: cross cut rabbit strips
08-23-2001, 10:55 AM
Hey everyone this is my first post, I'm a new member, and am looking forward to talking to all of you.
Anyway... Has enyone ever tried to cut thier own rabbit strips from a skin. I have a couple of good skins that I aquired just for this reason and thought that you might have a couple of tips before I get started. Thanks
08-23-2001, 11:37 AM
I'm no expert at this but from my feeble attempts at this I can offer the following hints:
Hold the skin taut when cutting.
Cut from the back side of the pelt, .
On the cross cut strips be very careful to only cut through the skin, and not into the fur. I've lost 1/2 of the fur by cutting too deep on some strips.
Don't try to cut a strip the length of the pelt. Shorter lengths are easier to control.
I've cut pelts but only straight cuts and taper cuts for tails. If the strips are thin enough you get a crosscut effect but need to wrap more times.
I used the same technique as JohnD, cut from the pelt using a pair of Fiskars squeeze scissors using the tips of the scissors.
I would go chat with the ladies at the fabric store. Every time I've asked such a question at the check out counter, any craft savvy gal in the vicinity would come flying over to offer advice.
Maybe you could ask a fur-coat maker, they would definitely know. Is Walter Dyer's still in business in Boston?
08-23-2001, 03:32 PM
All the fore mentioned information is sound advise. If you are really going to get into it, a wooden frame with brads as tack areas work fine. Keeping the rabbit pelt taut is the trick. And as was mentioned cut the pelt side, but not hard enough to cut the hair fibers. Using industrial safety razor blades wedge between comb teeth will control the thickness of each strip. You can cut a gang of them at a time. Don't cut the skin end completely. Start you're first cut further in from the end and finish before the end. Then you won't have clamping problems.
My advise, just buy 'em already cut. It's not worth the time and trouble to get down to the real basics.
The price is probably 20 to 1 in favor of the pelt, but once you factor in labor...
Other than tapering into thin tails, cutting very narrow strips for palmering, or forming certain shapes that you want, pre-cuts are the way to go for 'normal' applications.
09-05-2001, 09:59 AM
As someone has already mentioned, the important part of cutting rabbit strips is keeping them taut. I discovered a while back that there's an easy way to do this. There's a gizmo that people use to filet fish; it's a cutting board with a toothed clamp on one end to grab the fish's tail while scaling and fileting. It turns out that this gadget is also very handy for holding one end of a rabbit pelt while it is cut with a straight edge razor into strips. Works for me. ;D
12-11-2004, 06:13 PM
The big downside to buying pre-cut rabbit strips: you are a the total mercy of the supplier. Unless one buys the 'name-brand' magnum strips from the famous Oregon company, the strips in the little plastic bag are some of the sorriest, scuzziest, saddest, mangiest, thinnest, strips on the planet....cut from the poorest grade pelts ever....If your marketplace offers better, good on ya !!!! NOT SO HERE !!!! c.r.a.p. (ola)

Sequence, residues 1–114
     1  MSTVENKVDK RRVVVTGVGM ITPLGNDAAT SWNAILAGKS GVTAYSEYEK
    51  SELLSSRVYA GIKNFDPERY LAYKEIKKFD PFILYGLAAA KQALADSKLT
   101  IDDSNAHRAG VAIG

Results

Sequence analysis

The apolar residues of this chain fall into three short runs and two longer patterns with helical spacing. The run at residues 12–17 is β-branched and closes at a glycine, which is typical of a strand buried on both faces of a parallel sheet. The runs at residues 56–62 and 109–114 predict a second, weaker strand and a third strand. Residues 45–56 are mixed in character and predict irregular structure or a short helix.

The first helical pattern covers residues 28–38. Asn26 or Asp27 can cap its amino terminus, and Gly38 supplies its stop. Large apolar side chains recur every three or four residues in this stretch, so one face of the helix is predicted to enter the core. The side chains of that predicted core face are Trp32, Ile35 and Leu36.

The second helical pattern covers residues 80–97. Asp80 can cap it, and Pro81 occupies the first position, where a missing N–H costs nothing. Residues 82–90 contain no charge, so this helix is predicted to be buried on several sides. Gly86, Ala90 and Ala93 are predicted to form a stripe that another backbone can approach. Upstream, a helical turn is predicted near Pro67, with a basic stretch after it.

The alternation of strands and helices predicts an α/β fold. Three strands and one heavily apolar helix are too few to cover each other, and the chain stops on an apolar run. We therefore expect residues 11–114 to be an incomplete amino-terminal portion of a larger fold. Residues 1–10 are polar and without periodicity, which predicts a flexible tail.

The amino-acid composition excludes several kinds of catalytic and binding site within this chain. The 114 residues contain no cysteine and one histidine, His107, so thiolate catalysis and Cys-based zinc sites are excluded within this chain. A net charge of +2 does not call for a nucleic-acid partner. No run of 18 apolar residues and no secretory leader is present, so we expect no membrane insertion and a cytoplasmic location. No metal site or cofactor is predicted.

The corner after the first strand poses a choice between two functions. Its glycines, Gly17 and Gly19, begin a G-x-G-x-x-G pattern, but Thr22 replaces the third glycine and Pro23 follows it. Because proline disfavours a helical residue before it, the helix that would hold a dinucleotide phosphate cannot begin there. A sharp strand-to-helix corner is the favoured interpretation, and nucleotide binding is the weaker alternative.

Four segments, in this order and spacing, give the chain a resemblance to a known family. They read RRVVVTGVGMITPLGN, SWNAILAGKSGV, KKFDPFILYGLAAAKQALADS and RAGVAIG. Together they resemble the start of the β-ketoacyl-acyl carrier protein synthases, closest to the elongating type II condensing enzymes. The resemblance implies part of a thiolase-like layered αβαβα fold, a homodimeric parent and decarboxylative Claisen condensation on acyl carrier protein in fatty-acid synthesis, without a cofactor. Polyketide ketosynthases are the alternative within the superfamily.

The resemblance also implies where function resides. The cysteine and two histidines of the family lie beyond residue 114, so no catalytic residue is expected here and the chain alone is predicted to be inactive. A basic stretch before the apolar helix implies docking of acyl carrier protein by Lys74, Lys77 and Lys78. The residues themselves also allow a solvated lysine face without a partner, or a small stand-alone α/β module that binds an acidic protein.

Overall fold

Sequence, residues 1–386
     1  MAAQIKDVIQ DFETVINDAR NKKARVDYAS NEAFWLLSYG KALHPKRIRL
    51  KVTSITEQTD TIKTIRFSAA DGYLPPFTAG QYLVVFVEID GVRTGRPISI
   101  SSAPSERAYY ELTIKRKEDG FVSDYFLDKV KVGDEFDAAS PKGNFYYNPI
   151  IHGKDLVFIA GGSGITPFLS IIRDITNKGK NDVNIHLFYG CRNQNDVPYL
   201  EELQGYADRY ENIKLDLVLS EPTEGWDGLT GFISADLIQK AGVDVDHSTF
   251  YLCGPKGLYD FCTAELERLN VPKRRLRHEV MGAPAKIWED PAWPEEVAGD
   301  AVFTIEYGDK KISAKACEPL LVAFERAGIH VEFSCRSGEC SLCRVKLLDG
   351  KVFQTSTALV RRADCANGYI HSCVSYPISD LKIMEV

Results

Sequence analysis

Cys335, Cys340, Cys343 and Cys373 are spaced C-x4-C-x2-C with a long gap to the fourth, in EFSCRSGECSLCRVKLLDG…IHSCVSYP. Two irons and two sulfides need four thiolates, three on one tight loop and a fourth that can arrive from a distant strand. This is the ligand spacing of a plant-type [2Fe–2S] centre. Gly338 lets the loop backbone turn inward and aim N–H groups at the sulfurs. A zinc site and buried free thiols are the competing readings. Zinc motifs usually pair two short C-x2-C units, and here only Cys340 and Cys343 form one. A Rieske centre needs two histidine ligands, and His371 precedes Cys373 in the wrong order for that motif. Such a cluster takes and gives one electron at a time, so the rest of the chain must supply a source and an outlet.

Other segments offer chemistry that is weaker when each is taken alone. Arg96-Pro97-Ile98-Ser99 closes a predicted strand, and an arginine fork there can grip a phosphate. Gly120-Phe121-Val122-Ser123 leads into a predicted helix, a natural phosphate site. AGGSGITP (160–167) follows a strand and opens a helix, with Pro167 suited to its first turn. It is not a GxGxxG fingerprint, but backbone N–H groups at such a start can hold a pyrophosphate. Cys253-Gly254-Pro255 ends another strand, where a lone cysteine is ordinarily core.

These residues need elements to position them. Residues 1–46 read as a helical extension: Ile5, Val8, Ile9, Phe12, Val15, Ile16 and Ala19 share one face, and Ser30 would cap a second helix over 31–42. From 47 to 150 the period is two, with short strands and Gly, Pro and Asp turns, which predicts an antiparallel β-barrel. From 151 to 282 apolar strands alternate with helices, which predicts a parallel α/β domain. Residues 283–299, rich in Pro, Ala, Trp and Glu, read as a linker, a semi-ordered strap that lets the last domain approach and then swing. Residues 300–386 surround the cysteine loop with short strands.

Doing one's own means there is some control of the process, by using decent pelts from the git-go. There are several grades of pelt, ranging from garment grade, down to the ones razor/scissor/sharpening folks use to test their edges on.
12-12-2004, 12:43 PM
If you are using lots of strips, cutting your own makes sense, I use 2 white and one red each season, so cutting them makes sense, otherwise buy them, some are better than others..., in two sizes...
I do the same a Ray's suggestion, a rack is neccessary for good cuts. First, square of the skin, use the trimming as dubbing. I made cutters of different sizes (width) by using Shick Injector razor blades. You can do the same by splitting two edged razor blades. Just cut spacers exactly the size of the strips you need and then glue the assembly together with one top and one bottom piece. Blade-spacer-blade-spacer etc. Make sure there is enough wood contact on each spacer for the wood glue to take hold. Duct tape holds the lot together. The blade is about 1 inch long and the cuting edge is about 1/2 inch with the other 1/2 inch glued in. For cross cuts, I'll wet the hair enough to comb it straight, when dry, then I cut! My cutters typically last for 6 skins before the blades get too dull for good cuts.
12-12-2004, 01:01 PM
I agree with Ken, most of the strips you find on the pegboards in the flyshop are pretty miserable. I finally found a good source, The Fly Fishing Shop, one of the sponsors of this board, so I guess I can post a link (?).
I've been using their "stripped whole hides" both cross-cut and straight, and they are superb IMHO.
All the usual disclaimers- I've no connection, just a happy customer, etc. etc.
12-12-2004, 01:45 PM
Excellent posts, men.... I never ever have minded paying proper money for proper goods...it's only when the goods are substandard, being passed off as "el primo" I struggle. Thanks for the cutting tips.
This link may be of interest. Note the prices for 100 plus pelts........
It would be very interesting to compare the quality of dyed pelts "pre-zonked" from the shop link above, to the uncut dyed pelts as supplied by the folks back east.